After quitting her job as an investment banker before the financial collapse, Jean (Natalie Skye) traveled the world and is attempting to write about her experiences. She moves into her friend’s family home while they’re away, trying to find a quiet place to work on her book. Instead of the peace and tranquility she’s searching for, she finds that the home is inhabited by a group of spirits whose afterlife is as confusing as Jean’s real life. Screening as part of the Female Eye Film Festival, The House sounds like a straight-up horror film, but don’t let the synopsis fool you. This film is anything but horror and builds into a great thriller as secrets are revealed and decisions must be made, for both the living and the dead.
Written and directed by Desiree Lim, the film starts out slowly, but quickly gains momentum as we learn more about the various characters in the film and the secrets they’re hiding from each other. There are also certain moments that viewers will not see coming that are so surprising it takes a minute to absorb them. While the film keeps the audience guessing about what will happen next, it also plays with the idea that nothing may be real at all. Jean is on various medications and her friend asks her if she’s seen her psychiatrist lately, leading us to believe that the events may all be in her head. Later in the film, there are suggestions that things may be even more strange than we first believed. This keeps the film moving along at a quick pace, and makes sure that viewers never know what to expect.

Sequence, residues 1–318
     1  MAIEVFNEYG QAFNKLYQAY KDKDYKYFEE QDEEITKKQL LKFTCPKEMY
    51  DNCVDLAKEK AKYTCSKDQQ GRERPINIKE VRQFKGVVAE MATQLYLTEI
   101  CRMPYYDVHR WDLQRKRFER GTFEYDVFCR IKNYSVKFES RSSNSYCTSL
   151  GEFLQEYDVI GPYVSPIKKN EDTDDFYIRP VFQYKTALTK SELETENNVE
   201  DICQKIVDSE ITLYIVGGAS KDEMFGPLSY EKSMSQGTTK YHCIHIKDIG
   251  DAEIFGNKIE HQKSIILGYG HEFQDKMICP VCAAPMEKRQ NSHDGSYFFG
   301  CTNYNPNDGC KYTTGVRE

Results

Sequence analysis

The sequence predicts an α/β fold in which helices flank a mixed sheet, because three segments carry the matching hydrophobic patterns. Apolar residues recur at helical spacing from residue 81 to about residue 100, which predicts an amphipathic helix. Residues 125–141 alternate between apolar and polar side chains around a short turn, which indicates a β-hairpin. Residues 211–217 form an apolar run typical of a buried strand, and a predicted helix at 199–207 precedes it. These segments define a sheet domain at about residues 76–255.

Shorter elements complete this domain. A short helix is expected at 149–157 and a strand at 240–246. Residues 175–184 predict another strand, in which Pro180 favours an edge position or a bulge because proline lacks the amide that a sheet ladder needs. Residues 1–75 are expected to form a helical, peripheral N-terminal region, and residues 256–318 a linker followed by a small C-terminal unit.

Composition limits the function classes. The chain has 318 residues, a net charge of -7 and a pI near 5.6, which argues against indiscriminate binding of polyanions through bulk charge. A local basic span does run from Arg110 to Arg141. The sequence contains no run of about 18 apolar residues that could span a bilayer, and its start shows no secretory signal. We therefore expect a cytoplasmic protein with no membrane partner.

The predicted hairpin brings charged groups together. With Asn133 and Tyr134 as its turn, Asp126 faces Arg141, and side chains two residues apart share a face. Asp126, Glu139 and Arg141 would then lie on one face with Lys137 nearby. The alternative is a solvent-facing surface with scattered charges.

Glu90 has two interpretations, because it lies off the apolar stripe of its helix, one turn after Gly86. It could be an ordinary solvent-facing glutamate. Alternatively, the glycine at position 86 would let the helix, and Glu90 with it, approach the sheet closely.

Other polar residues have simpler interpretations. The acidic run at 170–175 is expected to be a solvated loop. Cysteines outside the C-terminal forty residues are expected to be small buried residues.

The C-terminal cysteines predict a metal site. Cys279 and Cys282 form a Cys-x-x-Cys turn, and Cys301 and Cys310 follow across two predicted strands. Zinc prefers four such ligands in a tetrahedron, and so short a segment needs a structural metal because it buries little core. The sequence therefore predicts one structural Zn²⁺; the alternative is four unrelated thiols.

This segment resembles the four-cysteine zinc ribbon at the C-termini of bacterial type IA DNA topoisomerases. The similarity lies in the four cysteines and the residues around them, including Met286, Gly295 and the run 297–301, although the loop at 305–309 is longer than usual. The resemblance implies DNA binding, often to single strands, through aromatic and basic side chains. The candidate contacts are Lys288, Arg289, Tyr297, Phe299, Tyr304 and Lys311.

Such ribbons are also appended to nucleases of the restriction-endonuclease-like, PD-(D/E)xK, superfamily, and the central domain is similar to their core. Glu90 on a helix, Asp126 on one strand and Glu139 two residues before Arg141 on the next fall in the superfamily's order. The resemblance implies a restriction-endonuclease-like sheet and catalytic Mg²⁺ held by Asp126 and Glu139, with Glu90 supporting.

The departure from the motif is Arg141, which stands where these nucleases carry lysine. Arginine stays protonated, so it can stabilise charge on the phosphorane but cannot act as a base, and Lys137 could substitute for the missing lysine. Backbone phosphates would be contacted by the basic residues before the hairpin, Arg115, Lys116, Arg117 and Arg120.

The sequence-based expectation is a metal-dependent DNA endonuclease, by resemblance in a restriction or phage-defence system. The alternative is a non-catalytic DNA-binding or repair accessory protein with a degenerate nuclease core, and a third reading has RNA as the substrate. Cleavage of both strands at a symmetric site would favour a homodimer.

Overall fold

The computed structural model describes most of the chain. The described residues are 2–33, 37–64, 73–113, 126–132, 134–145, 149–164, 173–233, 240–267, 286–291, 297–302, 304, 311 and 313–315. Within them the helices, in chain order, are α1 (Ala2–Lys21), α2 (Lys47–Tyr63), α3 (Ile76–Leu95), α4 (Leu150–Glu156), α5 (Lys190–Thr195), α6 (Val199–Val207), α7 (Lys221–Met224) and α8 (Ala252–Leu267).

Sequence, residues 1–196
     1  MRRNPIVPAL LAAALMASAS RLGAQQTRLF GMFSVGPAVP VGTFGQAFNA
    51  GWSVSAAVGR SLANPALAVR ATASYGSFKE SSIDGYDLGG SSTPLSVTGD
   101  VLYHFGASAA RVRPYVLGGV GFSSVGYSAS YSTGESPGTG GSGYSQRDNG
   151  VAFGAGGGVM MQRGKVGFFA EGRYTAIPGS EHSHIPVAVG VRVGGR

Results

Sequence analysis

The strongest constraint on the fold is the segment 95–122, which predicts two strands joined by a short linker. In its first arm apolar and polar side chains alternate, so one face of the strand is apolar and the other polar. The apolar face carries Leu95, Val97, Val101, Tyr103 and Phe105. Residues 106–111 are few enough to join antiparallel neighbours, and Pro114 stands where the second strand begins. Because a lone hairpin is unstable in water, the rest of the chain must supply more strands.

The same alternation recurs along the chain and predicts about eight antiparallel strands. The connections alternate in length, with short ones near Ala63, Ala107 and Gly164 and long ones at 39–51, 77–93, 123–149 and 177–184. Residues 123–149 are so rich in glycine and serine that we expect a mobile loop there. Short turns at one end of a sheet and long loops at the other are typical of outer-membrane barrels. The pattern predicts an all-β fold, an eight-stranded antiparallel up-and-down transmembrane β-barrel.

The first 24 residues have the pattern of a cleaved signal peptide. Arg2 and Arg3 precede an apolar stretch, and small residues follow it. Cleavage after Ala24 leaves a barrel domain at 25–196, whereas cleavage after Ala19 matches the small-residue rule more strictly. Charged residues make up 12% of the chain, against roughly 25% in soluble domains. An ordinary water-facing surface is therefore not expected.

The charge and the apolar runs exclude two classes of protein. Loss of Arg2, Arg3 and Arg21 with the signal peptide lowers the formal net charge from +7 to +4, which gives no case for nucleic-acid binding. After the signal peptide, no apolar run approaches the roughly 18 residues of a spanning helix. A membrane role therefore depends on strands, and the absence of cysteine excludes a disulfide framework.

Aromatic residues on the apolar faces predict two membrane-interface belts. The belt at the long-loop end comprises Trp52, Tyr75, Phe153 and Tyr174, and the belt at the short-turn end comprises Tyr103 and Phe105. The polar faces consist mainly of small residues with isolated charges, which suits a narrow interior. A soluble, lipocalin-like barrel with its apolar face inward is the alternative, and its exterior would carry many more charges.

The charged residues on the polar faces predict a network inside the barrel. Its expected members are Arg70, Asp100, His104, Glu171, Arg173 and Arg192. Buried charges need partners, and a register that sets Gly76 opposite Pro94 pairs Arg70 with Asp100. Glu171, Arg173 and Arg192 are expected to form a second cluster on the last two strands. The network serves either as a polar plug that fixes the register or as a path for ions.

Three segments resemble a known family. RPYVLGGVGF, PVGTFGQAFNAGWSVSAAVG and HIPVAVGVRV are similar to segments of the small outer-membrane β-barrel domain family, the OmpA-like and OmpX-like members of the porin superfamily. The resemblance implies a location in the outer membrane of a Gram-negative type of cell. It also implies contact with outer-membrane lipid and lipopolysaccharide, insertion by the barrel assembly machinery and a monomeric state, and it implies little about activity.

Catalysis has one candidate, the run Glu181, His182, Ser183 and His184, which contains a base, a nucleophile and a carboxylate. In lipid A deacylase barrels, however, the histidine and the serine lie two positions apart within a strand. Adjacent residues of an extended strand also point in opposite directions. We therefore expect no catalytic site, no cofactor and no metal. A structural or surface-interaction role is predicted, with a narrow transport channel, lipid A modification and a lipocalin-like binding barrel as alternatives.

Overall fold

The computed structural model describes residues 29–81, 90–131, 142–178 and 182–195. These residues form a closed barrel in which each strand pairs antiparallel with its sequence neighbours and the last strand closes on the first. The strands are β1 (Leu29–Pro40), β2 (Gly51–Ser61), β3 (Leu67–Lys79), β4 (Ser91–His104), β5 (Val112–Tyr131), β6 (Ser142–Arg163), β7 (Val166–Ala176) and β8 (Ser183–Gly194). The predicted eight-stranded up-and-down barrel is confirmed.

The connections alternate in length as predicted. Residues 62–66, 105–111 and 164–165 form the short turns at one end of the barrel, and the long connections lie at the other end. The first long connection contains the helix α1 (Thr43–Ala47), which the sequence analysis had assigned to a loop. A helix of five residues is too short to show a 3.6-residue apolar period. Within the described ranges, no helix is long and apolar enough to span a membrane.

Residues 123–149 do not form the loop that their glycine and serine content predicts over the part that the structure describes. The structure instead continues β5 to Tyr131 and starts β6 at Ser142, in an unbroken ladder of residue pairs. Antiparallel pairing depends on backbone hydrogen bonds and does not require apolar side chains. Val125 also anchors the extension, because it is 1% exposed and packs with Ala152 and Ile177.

The film takes place almost entirely in the house that Jean is living in, and it’s one of the most gorgeous parts of the film. Set in Vancouver, the huge house is wrapped in windows that reveal the beautiful forest background. Inside, mirrors and glass are used to perfect effect, creating strange shots and layers that add to the mysterious nature of the film. The way the home is used to set up certain angles or camera shots causes it to become another character in the film. There are times when it seems like the house is watching Jean along with us.
While much of the film focuses on the thriller aspect, themes of forgiveness and being true to yourself find their way in towards the end, giving the film a touch of heartbreak. It works well with the secrets that are revealed throughout though, and it helps to create some very well defined characters. It’s quite the emotional roller coaster, ranging from nervous fear, to anger, to happiness, as we follow the characters journey. The only real problem with the film are some connections between characters that are introduced, but then forgotten. I’m not sure if they would have worked out, or helped the film in any way, but just the fact that they’re not explored takes viewers out of the film for a couple of moments.